Nora Burnett Abrams is Curator at MCA Denver. Her curatorial career began at The Metropolitan Museum of Art, where she worked on the Sol LeWitt on the Roof and Robert Rauschenberg: Combines exhibitions. Since arriving in Denver in 2010, she has organized over 30 exhibitions and authored or contributed to nearly a dozen accompanying publications. Recent projects have highlighted unusual or unknown episodes in artists’ careers such as Basquiat Before Basquiat (2017), as well as the first survey of Senga Nengudi’s R.S.V.P. sculptures (2014). She curated the first U.S. exhibition of Romanian painter Adrian Ghenie and an in-depth study of Ryan McGinley’s earliest photographs and never-before-seen Polaroids. Her upcoming projects include a retrospective of American artist Tara Donovan.
Abrams also serves on the museum’s leadership team, developing strategies for improving the operations of the organization and augmenting its role as a cultural driver of the city’s current, unprecedented growth.
She has taught art history at New York University and lectured throughout the country on modern and contemporary art. She holds art history degrees from Stanford University (B.A.), Columbia University (M.A.), and a Ph.D. from the Institute of Fine Arts at New York University.
Kelly Baum is the Cynthia Hazen Polsky and Leon Polsky Curator of Contemporary Art at The Metropolitan Museum of Art. She has been working as a curator for seventeen years, first at the Museum of Fine Arts, Houston, then at the Blanton Museum of Art at the University of Texas at Austin, and later at the Princeton University Art Museum, where she was the founding curator of modern and contemporary art. In that time, Kelly has authored seven catalogues and organized over two dozen exhibitions, including New Jersey as Nonsite, the recipient of a Warhol Curatorial Fellowship; Unfinished: Thoughts Left Visible, one of the inaugural shows at the Met Breuer; The Body Politic: Video from The Met Collection; and Delirious: Art at the Limits of Reason, 1950-1980, a major survey of postwar art through the lens of the irrational. Kelly’s research has been published widely in catalogues, anthologies, and scholarly journals such as October and Art Journal.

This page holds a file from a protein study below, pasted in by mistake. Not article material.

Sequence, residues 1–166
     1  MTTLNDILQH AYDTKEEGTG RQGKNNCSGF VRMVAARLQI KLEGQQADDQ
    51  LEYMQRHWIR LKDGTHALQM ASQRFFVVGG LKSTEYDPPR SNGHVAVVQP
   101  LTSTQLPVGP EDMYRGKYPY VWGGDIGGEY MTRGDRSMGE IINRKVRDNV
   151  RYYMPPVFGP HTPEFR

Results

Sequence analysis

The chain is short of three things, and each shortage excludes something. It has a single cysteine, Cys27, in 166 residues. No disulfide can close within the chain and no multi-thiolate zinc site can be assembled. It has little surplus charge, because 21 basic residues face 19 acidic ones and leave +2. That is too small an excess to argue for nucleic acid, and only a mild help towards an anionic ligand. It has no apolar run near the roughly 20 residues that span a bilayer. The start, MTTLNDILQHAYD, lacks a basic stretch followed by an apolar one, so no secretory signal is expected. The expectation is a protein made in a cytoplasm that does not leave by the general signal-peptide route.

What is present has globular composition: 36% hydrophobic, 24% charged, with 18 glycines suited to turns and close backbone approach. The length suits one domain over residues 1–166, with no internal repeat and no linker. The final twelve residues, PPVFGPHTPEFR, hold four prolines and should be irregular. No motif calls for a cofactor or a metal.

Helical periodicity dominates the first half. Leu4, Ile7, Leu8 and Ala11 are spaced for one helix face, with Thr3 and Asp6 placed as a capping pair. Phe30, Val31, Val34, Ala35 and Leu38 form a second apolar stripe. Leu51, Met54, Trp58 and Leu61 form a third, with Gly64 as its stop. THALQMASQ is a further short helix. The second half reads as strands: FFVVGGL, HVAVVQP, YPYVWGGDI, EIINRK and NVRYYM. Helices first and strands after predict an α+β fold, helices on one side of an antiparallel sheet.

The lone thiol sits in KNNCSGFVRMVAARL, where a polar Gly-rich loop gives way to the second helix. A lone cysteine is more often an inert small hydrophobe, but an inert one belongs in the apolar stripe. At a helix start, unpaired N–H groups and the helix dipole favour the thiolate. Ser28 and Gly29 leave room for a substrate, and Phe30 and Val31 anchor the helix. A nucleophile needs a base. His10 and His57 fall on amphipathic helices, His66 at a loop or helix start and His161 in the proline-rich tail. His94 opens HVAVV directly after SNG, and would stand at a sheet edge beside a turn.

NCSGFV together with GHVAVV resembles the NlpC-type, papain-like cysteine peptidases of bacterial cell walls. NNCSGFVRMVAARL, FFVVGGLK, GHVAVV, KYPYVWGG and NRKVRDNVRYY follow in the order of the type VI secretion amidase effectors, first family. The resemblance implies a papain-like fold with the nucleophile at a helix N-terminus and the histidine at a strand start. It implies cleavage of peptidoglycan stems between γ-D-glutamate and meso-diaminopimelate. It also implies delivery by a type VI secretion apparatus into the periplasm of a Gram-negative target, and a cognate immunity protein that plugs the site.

A native of Miami, José Carlos Diaz is the Chief Curator at The Andy Warhol Museum. Diaz has organized the first museum solo exhibition of Iranian artist Farhad Moshiri currently on view at The Warhol. Prior to this he was the Curator of Exhibitions at the Bass Museum of Art in Miami Beach where he curated new artist commissions by Athi-Patra Ruga, Sylvie Fleury and the travelling exhibition GOLD. Prior to joining the Bass he worked at Tate Liverpool and the Liverpool Biennal. Diaz received an M.A. in Cultural History from the University of Liverpool and a B.A. in Art History from San Francisco State University. In 2003 Diaz tenured as a curatorial intern at The Rubell Family Collection and launched a nomadic curatorial project called Worm-Hole Laboratory.
Alison Ferris, Senior Curator at the Des Moines Art Center, has been a curator of contemporary art for more than 20 years. Ferris directs the curatorial, registration, and installation departments that produce approximately 15 exhibitions per year and oversee the care and conservation of the 5,500 object collection including 28 works in the Pappajohn Sculpture Park. She works closely with the director on acquisitions and is also part of the leadership team that guides the vision of the Art Center.